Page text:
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Friday, December 16, 2011

Interview with Author Stephen Schochet of Hollywood Stories

Author Stephen Schochet (pronounced Show-het) is a professional tour guide in Hollywood who years ago began collecting little known, humorous anecdotes to tell to his customers. His new book Hollywood Stories: Short, Entertaining Anecdotes About the Stars and Legends of the Movies! The book contains a timeless treasure trove of colorful vignettes featuring an amazing all-star cast of icons including John Wayne, Charlie Chaplin, Walt Disney, Jack Nicholson, Johnny Depp, Shirley Temple, Marilyn Monroe, Marlon Brando, Errol Flynn, and many others both past and contemporary. Tim Sika, host of the radio show Celluloid Dreams on KSJS in San Jose has called Stephen, “The best storyteller about Hollywood we have ever heard.”

1) Let’s get right to some vintage Hollywood. Tell the story of Jane Russell agreeing to co-star with Marilyn Monroe, in Gentleman Prefer Blondes (1953).

Director Howard Hawks wanted levelheaded Jane Russell to star alongside Marilyn Monroe in the 1953 comedy Gentlemen Prefer Blondes. Twentieth Century Fox head honcho Darryl Zanuck told Hawks to forget it; Russell was unavailable. The filmmaker asked the mogul if he could borrow his phone. Fourteen years earlier, Howard had discovered the eighteen-year-old buxom brunette Russell working in a dentist’s office, making ten dollars a week. When he reached Jane at home, the loyal actress immediately agreed to do the picture then asked, “Do you think I could get fifty thousand?”

Hawks eyed Zanuck then replied into the phone, “Nope, try again.”

“Seventy-five?” asked Russell.

“You’re being unreasonable,” replied Hawks.

The conversation continued for another few minutes, then Howard put his hand over the receiver and said excitedly to Zanuck, “Great news. I got her down to two hundred thousand.”

Darryl agreed to pay Russell’s fee, and the comic pairing of Monroe and Russell onscreen proved to be priceless.

2) Another famous blonde, Veronica Lake, had a reputation for turning in great performances but being difficult, is that correct?

That’s right, she did:

Rising star Veronica Lake continued her pattern of infuriating co-workers at Paramount Studios on the set of the 1941 film Sullivan’s Travels. The blonde actress, famed for her “peekaboo” hairstyle that covered her face, was constantly late and did not bother to learn her lines. Her resentful leading man Joel McCrea was forced to do tons of retakes in their scenes together. The twenty-two-year-old also lied to writer/director Preston Sturges about not being pregnant; he had to restrain himself from hitting Veronica when she confessed the truth. A tramp’s outfit and careful camera angles hid her growing belly. The completed movie about a filmmaker who lives like a hobo was a challenge for the Paramount marketing people; they decided to make Lake the main selling point. Unaware of her antics, cinemagoers were once again drawn to Veronica’s sexy screen presence and she was praised for her fine performance.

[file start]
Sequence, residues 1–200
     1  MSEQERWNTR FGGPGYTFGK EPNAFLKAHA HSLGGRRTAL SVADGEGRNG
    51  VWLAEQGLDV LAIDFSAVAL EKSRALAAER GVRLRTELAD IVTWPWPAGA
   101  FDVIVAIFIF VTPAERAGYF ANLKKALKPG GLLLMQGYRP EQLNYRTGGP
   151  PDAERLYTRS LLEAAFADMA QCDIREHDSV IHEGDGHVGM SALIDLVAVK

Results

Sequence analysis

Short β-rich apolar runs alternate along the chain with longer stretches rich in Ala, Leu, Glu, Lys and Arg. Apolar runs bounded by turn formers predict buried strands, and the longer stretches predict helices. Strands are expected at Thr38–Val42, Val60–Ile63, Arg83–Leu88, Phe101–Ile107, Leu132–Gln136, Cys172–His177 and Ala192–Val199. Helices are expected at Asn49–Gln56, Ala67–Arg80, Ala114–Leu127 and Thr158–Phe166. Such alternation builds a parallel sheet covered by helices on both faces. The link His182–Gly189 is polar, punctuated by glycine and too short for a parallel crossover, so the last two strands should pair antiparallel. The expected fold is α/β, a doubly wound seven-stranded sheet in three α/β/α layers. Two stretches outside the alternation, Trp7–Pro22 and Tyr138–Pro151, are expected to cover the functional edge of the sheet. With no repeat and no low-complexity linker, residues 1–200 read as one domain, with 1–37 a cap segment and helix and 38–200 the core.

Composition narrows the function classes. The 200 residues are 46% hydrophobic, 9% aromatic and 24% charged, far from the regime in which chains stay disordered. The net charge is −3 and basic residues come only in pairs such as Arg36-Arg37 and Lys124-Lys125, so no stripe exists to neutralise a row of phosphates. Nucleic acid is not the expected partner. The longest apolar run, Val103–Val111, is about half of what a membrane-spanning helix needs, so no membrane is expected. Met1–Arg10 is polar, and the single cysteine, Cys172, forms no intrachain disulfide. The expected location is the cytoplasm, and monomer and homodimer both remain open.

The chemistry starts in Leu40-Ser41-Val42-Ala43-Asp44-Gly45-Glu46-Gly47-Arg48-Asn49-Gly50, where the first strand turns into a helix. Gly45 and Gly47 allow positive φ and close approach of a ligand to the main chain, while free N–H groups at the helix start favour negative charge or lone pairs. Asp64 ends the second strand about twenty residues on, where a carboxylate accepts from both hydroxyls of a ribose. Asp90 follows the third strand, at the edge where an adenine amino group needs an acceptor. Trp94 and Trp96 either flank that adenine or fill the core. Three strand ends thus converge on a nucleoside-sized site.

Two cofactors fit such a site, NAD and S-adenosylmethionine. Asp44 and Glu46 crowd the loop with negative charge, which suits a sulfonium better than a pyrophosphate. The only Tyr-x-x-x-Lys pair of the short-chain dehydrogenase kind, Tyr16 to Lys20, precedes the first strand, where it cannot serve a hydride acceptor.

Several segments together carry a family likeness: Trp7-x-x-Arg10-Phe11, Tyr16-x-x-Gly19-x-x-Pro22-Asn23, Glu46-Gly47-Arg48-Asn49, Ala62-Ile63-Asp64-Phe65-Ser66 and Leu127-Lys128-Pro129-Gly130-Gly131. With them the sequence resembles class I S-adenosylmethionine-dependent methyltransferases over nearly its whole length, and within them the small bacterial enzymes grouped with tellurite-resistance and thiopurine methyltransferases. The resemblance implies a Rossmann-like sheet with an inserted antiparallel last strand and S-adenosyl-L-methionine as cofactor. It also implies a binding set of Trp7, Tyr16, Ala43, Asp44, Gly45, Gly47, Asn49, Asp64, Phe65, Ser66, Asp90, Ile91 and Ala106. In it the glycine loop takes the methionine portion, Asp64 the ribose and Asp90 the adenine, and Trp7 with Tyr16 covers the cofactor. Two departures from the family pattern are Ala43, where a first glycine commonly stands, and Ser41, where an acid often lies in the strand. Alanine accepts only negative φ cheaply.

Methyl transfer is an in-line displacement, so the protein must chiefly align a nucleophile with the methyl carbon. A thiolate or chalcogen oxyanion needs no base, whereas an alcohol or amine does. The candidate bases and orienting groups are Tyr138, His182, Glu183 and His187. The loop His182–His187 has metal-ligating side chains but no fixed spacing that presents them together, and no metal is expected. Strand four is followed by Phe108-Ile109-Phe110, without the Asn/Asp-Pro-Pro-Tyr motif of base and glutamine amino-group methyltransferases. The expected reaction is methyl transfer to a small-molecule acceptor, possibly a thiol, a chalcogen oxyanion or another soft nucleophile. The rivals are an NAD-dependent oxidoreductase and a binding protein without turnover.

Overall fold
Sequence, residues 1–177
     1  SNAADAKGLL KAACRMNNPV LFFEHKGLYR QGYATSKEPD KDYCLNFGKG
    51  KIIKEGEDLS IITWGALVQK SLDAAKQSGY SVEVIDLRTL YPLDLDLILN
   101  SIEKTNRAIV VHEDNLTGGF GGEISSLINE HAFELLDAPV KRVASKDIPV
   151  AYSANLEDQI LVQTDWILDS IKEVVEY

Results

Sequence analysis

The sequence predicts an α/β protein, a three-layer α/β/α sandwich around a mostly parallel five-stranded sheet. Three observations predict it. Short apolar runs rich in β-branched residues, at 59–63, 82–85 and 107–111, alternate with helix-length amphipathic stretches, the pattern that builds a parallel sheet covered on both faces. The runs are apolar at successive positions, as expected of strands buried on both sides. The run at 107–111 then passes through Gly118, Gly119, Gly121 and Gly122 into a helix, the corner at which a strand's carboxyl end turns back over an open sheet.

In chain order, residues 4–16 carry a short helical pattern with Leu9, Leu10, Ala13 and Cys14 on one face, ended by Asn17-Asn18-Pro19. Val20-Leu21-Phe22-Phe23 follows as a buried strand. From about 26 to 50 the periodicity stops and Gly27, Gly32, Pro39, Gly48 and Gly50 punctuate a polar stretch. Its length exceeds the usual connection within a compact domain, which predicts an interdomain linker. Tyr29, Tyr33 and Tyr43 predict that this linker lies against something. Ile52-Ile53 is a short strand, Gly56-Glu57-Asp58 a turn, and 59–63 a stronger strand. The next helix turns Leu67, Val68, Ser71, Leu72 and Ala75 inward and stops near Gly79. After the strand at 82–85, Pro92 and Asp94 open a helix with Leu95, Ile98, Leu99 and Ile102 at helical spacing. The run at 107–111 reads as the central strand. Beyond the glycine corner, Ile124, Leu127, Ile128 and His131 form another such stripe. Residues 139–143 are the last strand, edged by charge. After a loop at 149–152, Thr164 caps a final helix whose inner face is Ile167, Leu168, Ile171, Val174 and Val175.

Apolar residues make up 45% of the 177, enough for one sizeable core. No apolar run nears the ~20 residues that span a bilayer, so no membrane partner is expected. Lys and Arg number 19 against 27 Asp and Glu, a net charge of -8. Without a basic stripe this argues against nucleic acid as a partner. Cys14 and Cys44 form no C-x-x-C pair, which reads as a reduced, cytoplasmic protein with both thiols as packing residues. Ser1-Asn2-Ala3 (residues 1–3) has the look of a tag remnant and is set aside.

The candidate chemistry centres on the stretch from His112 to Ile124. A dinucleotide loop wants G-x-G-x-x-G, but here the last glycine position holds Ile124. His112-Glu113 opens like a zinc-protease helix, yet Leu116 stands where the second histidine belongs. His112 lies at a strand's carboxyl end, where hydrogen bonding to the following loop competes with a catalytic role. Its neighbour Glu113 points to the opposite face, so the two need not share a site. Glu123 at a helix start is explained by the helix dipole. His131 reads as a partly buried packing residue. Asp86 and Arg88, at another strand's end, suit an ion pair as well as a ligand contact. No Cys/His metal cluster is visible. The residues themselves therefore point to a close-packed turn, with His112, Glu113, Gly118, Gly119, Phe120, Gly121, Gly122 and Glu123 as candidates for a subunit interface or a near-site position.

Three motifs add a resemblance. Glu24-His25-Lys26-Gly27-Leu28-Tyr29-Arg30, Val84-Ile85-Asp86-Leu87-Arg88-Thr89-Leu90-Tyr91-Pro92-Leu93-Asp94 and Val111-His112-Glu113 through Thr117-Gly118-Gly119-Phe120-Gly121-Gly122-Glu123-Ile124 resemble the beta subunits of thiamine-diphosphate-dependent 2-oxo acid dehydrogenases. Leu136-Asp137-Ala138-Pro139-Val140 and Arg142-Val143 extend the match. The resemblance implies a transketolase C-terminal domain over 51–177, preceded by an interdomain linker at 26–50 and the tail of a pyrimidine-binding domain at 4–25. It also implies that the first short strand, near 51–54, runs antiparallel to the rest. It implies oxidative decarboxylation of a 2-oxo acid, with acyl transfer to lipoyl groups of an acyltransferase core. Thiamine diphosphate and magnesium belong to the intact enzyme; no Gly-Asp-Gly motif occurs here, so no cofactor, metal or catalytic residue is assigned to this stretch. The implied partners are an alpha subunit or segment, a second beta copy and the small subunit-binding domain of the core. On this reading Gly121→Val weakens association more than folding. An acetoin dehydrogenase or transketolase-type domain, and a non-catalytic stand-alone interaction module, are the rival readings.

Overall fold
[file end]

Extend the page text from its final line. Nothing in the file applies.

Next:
3) Please tell that story about the misunderstanding on the set of The Hunchback of Notre Dame in 1939.

William Dieterle when he directed The Hunchback of Notre Dame in 1939. Up to now, the German filmmaker’s instructions were being carried out flawlessly. In blistering Los Angeles’ heat, covered in tons of make-up, Charles Laughton was wonderful as the deformed bell ringer. Playing the gypsy Esmeralda, Maureen O’Hara was excellent in her dialogue and dance scenes. And hundreds of costumed extras were performing without a hitch. The mammoth production had gone smoothly until that day; there were a bunch of chimpanzees, orangutans, and gorillas running around their seventeenth-century Paris set. Dieterle, who always wore white gloves to protect himself from germs, demanded to know what these smelly, noisy creatures were doing there. It turned out that a hard-of-hearing assistant misunderstood the director’s request for some more monks.

4) You have a pretty big bibliography; why was David Niven a better source for lore than history?

In my opinion David Niven was the greatest Hollywood raconteur:

British actor and raconteur David Niven never let the facts get in the way of a good yarn. In his wonderful 1975 book about Hollywood, Bring on the Empty Horses, Niven described Christmas in 1947 when he convinced his neighbor Tyrone Power to dress up as Santa Claus at a party for Niven’s children. At the last moment, Power came down with a bad bout of stage fright and tried to back out of his promise; only after downing a great deal of Scotch did he stumble into the backyard as St. Nick. Like most actors, once Tyrone got into character, he began to enjoy himself. At one point, the inebriated matinee idol put Gary Cooper’s daughter Maria on his knee. “Ho, Ho, Ho, little girl. You tell your old man Santa enjoyed watching him in High Noon. And ask him to get that pretty Grace Kelly’s phone number for me while you’re at it. Ho, Ho, Ho.”

High Noon was released in 1952, five years after Tyrone supposedly put on the white whiskers.

5) It took Ingrid Bergman a while to become a fan of Casablanca, correct?